Michel Karsenti, the owner of Ostia-based shipyards, has a very clear vision of how a complex operation such as building a boat should unfold. Canados aims to continue with haute couture construction without pursuing high production numbers
by Francesco Michienzi and Carla Pagani – photo by Gamelin
MICHEL KARSENTI IS A MAN OF MANY RESOURCES. With an open face, a sunny personality and bags of energy, he now finds himself at the helm of the legendary Canados yard near Rome. The world’s first offshore champion, then editor of Yachts magazine, this dynamic and enterprising figure has headed one of the historical yards, representative of the best Italian tradition since 2015. Before arriving at Canados, Karsenti worked for important yacht owners who asked him to coordinate the design and construction phases of their superyachts.
It is worth talking to Karsenti not only to learn about the latest news from this longstanding yard in Ostia but also to get a wide-ranging picture of the Italian and international yacht market. This forward-thinking and attentive man of the world had the opportunity to gain truly unique experience in his long career as a sportsman, aided and abetted by his origins. Karsenti was born in Cannes in 1969, in the heart of the Côte d’Azur. It’s in his blood because his father worked with boats too. In short, his is a curriculum that has been written on the water since birth.
«I started with my father, then with yachting magazines, and with races. I have learnt so much about racing in parallel with the magazines, which allowed me to see all sorts of builders, all sorts of defects, and all sort of mistakes. I have been very familiar all that time with different construction processes and approaches to the business. Moreover, with racing, I’ve always focused on the slightest detail, which makes a boat 5 miles an hour faster or slower, and on the danger that the sea represents…», he says enthusiastically.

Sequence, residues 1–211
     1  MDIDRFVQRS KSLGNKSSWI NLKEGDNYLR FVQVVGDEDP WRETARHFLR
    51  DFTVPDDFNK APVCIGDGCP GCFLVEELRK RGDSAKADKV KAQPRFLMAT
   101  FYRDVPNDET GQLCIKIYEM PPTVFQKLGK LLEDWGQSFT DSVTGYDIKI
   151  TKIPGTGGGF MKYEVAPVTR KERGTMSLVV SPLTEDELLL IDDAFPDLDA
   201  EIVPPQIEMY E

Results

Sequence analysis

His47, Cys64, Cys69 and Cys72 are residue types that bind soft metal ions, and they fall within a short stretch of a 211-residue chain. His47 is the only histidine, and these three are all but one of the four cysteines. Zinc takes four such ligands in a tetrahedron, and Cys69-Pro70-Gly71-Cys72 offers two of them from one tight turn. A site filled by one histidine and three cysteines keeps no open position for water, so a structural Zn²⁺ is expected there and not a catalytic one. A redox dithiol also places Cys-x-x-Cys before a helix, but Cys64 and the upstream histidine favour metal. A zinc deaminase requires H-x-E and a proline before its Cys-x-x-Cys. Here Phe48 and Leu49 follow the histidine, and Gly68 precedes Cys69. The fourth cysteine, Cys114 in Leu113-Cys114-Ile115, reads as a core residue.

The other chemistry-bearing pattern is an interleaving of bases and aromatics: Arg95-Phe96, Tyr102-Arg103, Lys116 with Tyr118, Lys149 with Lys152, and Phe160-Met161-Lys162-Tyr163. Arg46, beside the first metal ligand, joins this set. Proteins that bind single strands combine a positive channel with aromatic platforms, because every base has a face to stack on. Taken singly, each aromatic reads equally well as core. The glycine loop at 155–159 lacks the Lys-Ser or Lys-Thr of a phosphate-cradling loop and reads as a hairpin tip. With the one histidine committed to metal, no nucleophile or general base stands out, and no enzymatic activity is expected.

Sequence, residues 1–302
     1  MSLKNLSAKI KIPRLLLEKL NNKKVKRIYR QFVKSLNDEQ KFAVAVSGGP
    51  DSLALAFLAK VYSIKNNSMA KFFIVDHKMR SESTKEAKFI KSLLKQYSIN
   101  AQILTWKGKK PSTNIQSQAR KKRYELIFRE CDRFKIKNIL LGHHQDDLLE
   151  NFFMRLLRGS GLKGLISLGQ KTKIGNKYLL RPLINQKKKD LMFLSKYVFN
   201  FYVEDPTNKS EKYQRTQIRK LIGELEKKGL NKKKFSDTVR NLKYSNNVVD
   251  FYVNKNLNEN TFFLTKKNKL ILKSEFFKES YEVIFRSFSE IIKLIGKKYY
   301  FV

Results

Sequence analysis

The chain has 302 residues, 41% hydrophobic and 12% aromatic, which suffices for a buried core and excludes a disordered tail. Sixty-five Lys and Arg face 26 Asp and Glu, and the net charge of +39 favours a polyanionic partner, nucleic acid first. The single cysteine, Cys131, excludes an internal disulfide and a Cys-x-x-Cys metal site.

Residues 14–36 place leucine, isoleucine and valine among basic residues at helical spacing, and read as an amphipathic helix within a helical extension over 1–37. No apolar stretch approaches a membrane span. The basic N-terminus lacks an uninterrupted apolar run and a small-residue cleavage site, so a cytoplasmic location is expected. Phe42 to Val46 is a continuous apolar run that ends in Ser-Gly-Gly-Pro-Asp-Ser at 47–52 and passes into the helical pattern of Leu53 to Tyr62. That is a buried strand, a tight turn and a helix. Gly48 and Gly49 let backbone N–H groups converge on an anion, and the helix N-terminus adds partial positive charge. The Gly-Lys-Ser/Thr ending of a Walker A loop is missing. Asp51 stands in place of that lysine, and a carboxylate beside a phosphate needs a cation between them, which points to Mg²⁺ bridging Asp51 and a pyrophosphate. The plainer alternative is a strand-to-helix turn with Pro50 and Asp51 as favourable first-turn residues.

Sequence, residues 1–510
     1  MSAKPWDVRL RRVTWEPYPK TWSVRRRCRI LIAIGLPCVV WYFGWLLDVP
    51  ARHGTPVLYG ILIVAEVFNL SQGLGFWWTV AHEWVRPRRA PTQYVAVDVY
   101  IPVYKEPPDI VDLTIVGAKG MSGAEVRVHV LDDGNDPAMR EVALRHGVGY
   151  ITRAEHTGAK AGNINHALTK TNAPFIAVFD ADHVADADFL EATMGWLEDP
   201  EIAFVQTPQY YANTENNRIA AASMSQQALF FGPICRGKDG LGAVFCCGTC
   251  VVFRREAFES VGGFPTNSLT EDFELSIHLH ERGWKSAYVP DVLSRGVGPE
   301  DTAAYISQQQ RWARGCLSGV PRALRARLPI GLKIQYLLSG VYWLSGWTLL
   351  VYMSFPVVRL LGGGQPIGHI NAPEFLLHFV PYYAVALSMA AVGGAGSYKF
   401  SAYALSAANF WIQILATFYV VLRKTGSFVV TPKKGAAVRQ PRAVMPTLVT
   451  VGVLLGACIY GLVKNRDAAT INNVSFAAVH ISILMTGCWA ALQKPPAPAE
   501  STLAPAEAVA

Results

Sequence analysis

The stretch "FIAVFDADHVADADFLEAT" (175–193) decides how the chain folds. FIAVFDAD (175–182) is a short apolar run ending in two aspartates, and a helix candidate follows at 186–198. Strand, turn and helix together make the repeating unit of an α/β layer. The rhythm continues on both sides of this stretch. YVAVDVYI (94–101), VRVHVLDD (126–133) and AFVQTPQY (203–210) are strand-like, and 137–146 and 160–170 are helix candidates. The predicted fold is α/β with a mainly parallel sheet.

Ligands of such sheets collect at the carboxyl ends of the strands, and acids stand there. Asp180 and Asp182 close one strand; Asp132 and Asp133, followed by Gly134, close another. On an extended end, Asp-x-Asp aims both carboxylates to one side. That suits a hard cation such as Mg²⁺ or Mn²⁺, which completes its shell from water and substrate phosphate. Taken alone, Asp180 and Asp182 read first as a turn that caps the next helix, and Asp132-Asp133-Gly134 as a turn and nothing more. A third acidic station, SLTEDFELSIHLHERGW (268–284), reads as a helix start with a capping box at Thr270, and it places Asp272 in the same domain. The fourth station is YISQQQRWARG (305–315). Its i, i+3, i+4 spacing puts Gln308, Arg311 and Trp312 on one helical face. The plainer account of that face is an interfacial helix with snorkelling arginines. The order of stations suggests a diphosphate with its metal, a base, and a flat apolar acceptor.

Michel Karsenti was born on the Côte d’Azur in 1969. Firstly an Olympic champion, then an editor, boat builder and man of the world with many resources, he has clear ideas on what a boutique yard ought to be.
But why did Karsenti choose this historic yard near Rome, founded back in 1946? «When I was very young, barely fifteen years old, I went to the Genoa Boat Show. I was amazed and stunned by everything I saw there. But what struck me were the small Italian yards. Small firms that built excellent vessels with great knowledge and expertise. It was perhaps there that I first understood the real spirit of Italian production and I fell in love with it straight away», he says with amusement.
And the know-how at Canados is the real thing, the know-how of the past: artisans of yesteryear capable of looking after the details with great skill. However, this tradition does not just pertain to the yard, but also to Italy as a whole and to ancient Rome, with Karsenti being well aware of its impact, both inside and outside Canados: «The Romans achieved great things. The world would not be what it is today without their inventions. Italy possesses a unique creativity, a DNA made up of beauty that the workers at our yard carry inside them too».